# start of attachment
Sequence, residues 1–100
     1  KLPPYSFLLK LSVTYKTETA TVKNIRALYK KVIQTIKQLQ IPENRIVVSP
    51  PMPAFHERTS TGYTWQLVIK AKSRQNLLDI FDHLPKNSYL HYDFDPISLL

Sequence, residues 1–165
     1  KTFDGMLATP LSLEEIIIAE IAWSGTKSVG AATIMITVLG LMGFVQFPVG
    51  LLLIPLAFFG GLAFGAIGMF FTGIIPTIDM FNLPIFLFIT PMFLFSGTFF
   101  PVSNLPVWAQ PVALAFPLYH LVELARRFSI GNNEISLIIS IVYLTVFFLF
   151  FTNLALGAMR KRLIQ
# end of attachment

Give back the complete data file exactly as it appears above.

Sequence, residues 1–100
     1  KLPPYSFLLK LSVTYKTETA TVKNIRALYK KVIQTIKQLQ IPENRIVVSP
    51  PMPAFHERTS TGYTWQLVIK AKSRQNLLDI FDHLPKNSYL HYDFDPISLL

Sequence, residues 1–165
     1  KTFDGMLATP LSLEEIIIAE IAWSGTKSVG AATIMITVLG LMGFVQFPVG
    51  LLLIPLAFFG GLAFGAIGMF FTGIIPTIDM FNLPIFLFIT PMFLFSGTFF
   101  PVSNLPVWAQ PVALAFPLYH LVELARRFSI GNNEISLIIS IVYLTVFFLF
   151  FTNLALGAMR KRLIQ